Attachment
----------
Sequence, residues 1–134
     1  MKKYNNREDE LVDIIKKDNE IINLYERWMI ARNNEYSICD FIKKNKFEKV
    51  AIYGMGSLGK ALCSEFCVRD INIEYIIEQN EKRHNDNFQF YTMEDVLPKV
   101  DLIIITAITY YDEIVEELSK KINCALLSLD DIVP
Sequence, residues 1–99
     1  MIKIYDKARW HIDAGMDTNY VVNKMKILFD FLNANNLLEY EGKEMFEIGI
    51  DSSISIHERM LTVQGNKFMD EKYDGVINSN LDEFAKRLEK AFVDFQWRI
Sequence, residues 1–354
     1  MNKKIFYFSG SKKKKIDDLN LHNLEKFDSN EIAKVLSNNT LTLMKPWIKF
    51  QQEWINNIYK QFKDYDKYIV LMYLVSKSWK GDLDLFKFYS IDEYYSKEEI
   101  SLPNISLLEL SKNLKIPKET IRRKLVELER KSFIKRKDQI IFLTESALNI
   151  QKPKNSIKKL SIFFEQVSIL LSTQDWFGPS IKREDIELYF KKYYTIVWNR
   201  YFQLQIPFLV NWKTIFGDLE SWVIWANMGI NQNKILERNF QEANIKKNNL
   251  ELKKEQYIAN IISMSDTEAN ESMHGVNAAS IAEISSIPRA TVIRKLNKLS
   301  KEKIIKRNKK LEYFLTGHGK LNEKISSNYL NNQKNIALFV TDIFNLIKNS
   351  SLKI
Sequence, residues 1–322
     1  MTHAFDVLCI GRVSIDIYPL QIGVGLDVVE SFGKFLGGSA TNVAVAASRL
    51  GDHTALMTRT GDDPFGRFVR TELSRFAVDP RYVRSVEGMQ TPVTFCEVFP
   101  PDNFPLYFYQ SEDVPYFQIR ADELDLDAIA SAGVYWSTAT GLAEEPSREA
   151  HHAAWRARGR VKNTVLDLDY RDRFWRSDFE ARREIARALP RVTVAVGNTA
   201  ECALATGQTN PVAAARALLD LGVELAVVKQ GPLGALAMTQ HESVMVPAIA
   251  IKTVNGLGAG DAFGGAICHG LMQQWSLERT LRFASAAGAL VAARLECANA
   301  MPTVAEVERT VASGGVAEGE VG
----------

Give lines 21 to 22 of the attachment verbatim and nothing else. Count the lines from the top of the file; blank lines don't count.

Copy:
   151  HHAAWRARGR VKNTVLDLDY RDRFWRSDFE ARREIARALP RVTVAVGNTA
   201  ECALATGQTN PVAAARALLD LGVELAVVKQ GPLGALAMTQ HESVMVPAIA